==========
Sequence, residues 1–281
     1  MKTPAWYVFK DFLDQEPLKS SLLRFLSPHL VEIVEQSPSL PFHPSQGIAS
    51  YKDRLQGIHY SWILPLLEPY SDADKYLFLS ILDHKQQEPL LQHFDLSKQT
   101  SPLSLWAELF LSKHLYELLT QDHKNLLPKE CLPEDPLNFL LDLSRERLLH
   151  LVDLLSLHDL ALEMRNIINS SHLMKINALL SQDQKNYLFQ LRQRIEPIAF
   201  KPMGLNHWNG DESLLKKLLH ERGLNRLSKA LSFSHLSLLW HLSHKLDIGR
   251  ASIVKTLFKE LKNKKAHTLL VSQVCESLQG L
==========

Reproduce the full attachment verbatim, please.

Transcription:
Sequence, residues 1–281
     1  MKTPAWYVFK DFLDQEPLKS SLLRFLSPHL VEIVEQSPSL PFHPSQGIAS
    51  YKDRLQGIHY SWILPLLEPY SDADKYLFLS ILDHKQQEPL LQHFDLSKQT
   101  SPLSLWAELF LSKHLYELLT QDHKNLLPKE CLPEDPLNFL LDLSRERLLH
   151  LVDLLSLHDL ALEMRNIINS SHLMKINALL SQDQKNYLFQ LRQRIEPIAF
   201  KPMGLNHWNG DESLLKKLLH ERGLNRLSKA LSFSHLSLLW HLSHKLDIGR
   251  ASIVKTLFKE LKNKKAHTLL VSQVCESLQG L